Creating snapshots of servers causes a decrease in server performance. For this reason, you should only snapshot production servers during off peak hours or a maintenance period. You do not want to run a production workload on a snapshotted VM for an extended period of time. If a snapshot remains for an extended period of time, it can grow to a level that may require several hours to remove. This is because removing a snapshot forces all the changes to be committed back to the original disk behind the scenes. Additionally reverting back to a snapshot may cause unwanted effects such as the VM losing connectivity with the domain. This is because computer accounts change their Active Directory password on a regular basis. If the password has been changed and the machine has been reverted back to a previous snapshot, it will also revert the password to the one that was used at the time the snapshot was taken creating a mismatch between the computer and the computer account in Active Directory.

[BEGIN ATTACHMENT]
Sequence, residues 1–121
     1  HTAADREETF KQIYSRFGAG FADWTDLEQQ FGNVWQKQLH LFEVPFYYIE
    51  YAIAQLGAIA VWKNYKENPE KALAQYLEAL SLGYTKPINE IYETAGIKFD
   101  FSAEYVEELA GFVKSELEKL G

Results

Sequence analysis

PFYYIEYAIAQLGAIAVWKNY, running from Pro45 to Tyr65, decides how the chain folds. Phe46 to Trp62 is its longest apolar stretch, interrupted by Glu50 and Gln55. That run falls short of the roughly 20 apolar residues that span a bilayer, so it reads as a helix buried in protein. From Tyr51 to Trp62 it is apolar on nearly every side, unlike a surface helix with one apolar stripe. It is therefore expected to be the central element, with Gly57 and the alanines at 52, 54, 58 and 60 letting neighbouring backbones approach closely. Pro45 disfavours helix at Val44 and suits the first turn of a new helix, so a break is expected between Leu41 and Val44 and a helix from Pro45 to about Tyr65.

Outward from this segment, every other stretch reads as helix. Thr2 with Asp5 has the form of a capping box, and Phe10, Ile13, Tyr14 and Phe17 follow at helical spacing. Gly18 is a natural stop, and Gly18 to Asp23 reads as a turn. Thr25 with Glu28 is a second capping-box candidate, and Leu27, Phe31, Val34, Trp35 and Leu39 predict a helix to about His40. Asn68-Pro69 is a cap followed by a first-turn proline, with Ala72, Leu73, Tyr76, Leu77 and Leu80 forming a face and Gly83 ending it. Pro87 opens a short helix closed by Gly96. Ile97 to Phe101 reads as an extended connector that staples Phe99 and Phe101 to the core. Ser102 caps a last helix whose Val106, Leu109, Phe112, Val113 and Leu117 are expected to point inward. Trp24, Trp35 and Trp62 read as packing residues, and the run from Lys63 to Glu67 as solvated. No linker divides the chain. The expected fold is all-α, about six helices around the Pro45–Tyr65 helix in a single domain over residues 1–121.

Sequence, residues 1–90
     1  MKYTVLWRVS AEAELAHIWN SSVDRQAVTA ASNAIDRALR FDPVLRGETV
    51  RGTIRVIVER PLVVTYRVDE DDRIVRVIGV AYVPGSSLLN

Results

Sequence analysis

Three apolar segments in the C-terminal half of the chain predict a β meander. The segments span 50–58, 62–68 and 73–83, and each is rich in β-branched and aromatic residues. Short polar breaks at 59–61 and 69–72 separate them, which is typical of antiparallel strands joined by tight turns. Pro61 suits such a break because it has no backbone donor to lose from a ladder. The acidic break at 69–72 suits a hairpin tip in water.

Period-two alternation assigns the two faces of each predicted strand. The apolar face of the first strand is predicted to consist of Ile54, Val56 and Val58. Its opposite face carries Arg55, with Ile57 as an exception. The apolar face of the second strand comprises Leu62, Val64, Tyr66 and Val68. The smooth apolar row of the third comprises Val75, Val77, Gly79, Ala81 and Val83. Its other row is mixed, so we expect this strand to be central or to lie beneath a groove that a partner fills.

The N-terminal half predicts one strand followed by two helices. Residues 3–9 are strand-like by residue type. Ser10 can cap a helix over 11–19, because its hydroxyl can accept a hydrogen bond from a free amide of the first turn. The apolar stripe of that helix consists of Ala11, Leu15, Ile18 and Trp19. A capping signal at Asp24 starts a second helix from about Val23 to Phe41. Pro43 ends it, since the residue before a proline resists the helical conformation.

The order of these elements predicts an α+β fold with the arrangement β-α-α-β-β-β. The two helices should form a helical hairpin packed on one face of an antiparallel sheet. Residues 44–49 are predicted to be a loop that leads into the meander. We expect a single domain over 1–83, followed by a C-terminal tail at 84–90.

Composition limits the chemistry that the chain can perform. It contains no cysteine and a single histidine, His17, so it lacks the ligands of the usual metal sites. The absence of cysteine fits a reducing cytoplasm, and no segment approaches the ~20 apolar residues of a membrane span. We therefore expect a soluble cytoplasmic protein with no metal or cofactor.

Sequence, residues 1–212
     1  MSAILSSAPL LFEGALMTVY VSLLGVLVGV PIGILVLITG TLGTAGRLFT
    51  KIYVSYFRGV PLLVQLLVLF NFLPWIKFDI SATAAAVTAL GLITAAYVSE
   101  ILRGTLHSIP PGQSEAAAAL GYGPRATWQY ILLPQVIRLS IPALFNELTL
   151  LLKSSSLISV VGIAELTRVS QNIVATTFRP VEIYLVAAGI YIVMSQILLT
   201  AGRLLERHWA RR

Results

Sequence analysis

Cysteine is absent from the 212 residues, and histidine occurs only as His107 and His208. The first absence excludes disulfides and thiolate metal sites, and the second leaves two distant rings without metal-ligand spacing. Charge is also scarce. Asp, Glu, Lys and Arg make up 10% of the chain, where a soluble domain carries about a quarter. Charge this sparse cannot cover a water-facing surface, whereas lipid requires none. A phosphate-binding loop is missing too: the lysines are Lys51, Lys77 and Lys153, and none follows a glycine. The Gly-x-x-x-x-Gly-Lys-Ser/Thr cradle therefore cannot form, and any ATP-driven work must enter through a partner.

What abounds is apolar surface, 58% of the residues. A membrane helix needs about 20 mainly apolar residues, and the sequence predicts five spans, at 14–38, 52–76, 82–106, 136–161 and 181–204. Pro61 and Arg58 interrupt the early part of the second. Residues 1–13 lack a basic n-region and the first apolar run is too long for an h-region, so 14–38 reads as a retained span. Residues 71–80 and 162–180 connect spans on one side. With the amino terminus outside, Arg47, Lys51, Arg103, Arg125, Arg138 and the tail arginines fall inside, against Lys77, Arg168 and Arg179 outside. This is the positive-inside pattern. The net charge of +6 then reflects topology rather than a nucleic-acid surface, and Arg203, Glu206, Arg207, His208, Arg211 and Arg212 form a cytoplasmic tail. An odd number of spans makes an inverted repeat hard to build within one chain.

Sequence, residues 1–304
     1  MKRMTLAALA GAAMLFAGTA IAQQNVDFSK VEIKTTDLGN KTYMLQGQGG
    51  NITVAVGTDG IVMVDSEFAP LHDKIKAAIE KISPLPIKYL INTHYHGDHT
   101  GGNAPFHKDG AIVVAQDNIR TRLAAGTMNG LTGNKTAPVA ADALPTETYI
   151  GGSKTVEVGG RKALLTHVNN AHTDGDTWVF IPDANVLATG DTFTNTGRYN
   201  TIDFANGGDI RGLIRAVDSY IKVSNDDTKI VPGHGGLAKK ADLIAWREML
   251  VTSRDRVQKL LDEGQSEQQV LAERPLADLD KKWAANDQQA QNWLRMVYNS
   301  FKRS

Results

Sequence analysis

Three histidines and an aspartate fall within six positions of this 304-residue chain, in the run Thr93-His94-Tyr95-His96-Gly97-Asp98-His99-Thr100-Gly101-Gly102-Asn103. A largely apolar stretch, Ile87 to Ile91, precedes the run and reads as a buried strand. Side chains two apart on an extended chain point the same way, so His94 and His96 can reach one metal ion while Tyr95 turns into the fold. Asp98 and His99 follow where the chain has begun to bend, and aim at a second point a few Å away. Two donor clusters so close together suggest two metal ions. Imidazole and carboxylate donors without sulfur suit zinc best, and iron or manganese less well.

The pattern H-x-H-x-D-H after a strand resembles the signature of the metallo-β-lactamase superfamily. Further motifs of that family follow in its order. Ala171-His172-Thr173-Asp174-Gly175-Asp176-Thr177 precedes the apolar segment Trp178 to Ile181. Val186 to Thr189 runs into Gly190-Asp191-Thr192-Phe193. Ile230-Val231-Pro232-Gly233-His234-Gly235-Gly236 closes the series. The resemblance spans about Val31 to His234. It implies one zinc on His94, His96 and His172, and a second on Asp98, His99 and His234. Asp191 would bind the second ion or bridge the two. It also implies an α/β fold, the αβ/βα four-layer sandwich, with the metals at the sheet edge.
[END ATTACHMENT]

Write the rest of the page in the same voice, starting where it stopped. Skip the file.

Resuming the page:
Microsoft does not recommend taking snapshots of Active Directory domain controllers. Reverting to a previous snapshot of a DC could cause unwanted effects on your domain and could possibly cause versioning issues with the Active Directory database.

2. Introduction to System Center Virtual Machine Manager 2008 R2

If you are responsible for a medium-sized to a large virtualized enterprise, then at some point you will likely realize that the management of multiple virtual host machines can be very cumbersome and time-consuming when using the standard console for each machine. VMM simplifies their management by consolidating everything you need into one console. In fact, you can manage your Hyper-V, Virtual Server, and even VMware ESX hosts all via VMM.